Grant, who’s shooting 1-for-16 from 3-point range, knows Dunn is breathing down his neck, figuratively, so he’s taking the open competition personally. Miami’s Goran Dragic will provide much more of a challenge than what he sees in practice, though.

“I gotta play better, I'm not playing the way I need to play,” Grant said. “At the same time I wanna show these guys I am the guy that can hold down this spot.”

When asked to evaluate his play, Grant was pretty direct and also said Hoiberg doesn’t have to have any talks with him. He knows his numbers and the expectations.

“Just not making shots. As far as getting guys involved, defense and trying to rebound a little bit more,” he said. “But other than making shots I think I've been alright. Getting guys involved and making plays but, at the end of the day it's a shot making league and that's what I gotta do.”

Does Rodney Hood make sense for the Bulls?


Does Rodney Hood make sense for the Bulls?

New York Times veteran NBA writer Marc Stein tweeted late Friday that multiple teams were interested in fourth-year swingman Rodney Hood.

We know that the Jazz are one of the rumored teams interested in embattled forward Niko Mirotic and while it wouldn’t seem to make sense on the surface, Rodney Hood could be a good fit for the Bulls.

Hood will be a restricted free agent this summer and the Bulls would retain the rights to match any offer if they felt like the former Duke Blue Devil was the right piece to join the new core of Zach LaVine, Lauri Markkanen, and Kris Dunn.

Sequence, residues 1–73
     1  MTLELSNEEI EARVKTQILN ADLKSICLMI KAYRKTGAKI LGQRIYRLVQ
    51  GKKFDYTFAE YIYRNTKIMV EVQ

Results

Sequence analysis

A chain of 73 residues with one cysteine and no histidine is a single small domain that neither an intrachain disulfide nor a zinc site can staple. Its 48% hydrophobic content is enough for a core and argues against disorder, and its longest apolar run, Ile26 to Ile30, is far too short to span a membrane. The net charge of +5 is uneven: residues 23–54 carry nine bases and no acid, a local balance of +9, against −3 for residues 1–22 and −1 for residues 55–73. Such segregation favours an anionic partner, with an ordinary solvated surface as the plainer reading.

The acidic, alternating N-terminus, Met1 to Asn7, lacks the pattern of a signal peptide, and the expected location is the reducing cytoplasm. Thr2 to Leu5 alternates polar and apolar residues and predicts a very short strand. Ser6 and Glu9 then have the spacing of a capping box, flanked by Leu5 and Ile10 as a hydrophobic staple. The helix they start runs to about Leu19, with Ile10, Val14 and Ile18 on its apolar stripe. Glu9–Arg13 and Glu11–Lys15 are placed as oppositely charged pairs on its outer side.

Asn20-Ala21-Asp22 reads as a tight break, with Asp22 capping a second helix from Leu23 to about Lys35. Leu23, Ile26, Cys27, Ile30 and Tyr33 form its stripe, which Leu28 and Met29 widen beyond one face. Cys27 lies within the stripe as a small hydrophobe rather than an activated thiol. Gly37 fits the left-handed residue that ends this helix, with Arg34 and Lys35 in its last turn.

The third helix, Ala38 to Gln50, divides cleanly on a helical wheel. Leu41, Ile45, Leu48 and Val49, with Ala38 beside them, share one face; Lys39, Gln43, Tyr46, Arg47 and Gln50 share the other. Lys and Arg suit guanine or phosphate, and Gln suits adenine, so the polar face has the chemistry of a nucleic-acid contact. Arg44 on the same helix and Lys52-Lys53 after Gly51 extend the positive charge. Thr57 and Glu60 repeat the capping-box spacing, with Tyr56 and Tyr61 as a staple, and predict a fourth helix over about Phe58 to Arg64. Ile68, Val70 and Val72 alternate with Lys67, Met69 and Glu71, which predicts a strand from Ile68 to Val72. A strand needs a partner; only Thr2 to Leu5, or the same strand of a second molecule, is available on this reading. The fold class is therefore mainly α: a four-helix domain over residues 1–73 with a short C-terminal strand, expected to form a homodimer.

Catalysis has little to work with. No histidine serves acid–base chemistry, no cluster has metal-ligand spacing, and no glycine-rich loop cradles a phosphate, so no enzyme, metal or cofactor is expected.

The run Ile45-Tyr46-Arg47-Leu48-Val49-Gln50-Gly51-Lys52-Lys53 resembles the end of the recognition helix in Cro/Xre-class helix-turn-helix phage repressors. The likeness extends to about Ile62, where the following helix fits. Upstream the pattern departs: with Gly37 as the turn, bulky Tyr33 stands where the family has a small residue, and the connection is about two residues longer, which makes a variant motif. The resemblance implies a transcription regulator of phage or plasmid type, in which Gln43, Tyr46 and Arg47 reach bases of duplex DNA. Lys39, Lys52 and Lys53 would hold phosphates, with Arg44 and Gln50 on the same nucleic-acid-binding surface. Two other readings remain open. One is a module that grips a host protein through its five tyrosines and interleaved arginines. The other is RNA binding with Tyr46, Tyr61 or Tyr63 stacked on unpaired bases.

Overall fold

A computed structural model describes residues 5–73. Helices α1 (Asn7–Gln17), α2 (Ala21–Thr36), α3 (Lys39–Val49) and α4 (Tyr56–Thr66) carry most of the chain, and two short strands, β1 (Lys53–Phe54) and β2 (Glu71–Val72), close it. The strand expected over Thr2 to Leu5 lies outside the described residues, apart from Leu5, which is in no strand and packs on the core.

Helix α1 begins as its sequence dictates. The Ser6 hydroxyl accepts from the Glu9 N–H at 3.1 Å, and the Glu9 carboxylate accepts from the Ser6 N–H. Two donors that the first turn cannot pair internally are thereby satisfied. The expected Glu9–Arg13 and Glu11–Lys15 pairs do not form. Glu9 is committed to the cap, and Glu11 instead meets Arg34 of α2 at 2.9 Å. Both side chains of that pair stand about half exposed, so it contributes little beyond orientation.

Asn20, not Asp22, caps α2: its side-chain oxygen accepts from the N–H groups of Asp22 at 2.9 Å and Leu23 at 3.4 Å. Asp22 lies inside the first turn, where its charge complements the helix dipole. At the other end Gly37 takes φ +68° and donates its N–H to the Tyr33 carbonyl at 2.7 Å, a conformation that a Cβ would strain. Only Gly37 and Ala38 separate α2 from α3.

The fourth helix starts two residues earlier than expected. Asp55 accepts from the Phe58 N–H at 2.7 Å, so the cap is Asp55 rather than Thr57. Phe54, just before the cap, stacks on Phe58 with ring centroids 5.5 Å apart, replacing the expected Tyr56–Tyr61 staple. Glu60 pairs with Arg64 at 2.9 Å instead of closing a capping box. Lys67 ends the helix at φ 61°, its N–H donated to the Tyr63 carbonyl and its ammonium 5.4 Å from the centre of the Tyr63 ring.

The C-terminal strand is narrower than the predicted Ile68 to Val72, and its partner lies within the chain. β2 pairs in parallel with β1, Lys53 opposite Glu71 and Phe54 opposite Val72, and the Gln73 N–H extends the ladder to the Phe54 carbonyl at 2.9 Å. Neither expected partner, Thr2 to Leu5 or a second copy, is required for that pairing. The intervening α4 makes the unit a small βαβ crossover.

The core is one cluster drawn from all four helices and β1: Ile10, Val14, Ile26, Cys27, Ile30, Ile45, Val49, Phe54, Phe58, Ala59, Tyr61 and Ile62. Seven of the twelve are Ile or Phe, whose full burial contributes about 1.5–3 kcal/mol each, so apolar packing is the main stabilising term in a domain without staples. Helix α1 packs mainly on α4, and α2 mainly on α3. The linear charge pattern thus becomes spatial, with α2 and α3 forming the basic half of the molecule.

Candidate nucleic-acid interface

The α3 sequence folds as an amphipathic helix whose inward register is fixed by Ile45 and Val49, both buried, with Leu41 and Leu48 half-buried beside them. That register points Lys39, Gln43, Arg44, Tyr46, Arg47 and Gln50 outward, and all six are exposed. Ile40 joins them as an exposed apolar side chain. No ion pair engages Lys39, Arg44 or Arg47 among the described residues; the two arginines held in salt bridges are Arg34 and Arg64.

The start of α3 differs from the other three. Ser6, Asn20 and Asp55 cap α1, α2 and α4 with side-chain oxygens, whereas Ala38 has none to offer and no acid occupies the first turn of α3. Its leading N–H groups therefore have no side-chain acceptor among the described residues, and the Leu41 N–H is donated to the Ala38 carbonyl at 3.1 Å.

There is one complication in a potential Mirotic for Hood deal; the salaries don’t quite match. Utah would need to send another player like Alec Burks to Chicago in the deal. The Bulls would have to be OK taking on Burks’ $11.5 million salary for the 2018-19 season and his cap hit in free agency. Good news though, the free agent class this summer is very thin at small forward, the main position the Bulls have a need for.

Another road block, the Bulls are set to max out LaVine this July, and they may be wary on tying up a good part of their cap space for the next four years on two players.

Acquiring Hood hurts the ‘tank’ but you’d have a three-month audition of a 25-year old shooter that on paper would seem to work with the current rotation. If the Bulls felt like Hood wasn’t a good fit, let him walk in free agency. They would then keep their cap space intact for the 2019 super free agent class.

Bulls thankful Kris Dunn's injury wasn't worse; Zach LaVine cleared for extended minutes

Bulls thankful Kris Dunn's injury wasn't worse; Zach LaVine cleared for extended minutes

The fall was nasty and the concussion was substantial for Kris Dunn. But at second blush the Bulls are thankful it wasn’t worse.

Given the way his body jerked after Dunn released himself from the rim, the Bulls are glad he didn’t suffer a neck injury in addition to the concussion and dislocated front teeth.